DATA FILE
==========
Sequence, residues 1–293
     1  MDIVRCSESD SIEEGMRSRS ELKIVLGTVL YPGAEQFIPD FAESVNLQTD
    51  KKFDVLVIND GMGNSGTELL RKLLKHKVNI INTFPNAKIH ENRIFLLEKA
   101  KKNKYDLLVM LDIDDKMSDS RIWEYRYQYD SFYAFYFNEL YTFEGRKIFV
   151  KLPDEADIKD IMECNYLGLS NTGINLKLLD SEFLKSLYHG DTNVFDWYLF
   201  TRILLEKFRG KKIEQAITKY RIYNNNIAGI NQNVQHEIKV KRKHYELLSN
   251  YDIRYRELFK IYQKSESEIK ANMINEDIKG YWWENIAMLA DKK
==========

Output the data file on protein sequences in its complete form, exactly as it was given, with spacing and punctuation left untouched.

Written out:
Sequence, residues 1–293
     1  MDIVRCSESD SIEEGMRSRS ELKIVLGTVL YPGAEQFIPD FAESVNLQTD
    51  KKFDVLVIND GMGNSGTELL RKLLKHKVNI INTFPNAKIH ENRIFLLEKA
   101  KKNKYDLLVM LDIDDKMSDS RIWEYRYQYD SFYAFYFNEL YTFEGRKIFV
   151  KLPDEADIKD IMECNYLGLS NTGINLKLLD SEFLKSLYHG DTNVFDWYLF
   201  TRILLEKFRG KKIEQAITKY RIYNNNIAGI NQNVQHEIKV KRKHYELLSN
   251  YDIRYRELFK IYQKSESEIK ANMINEDIKG YWWENIAMLA DKK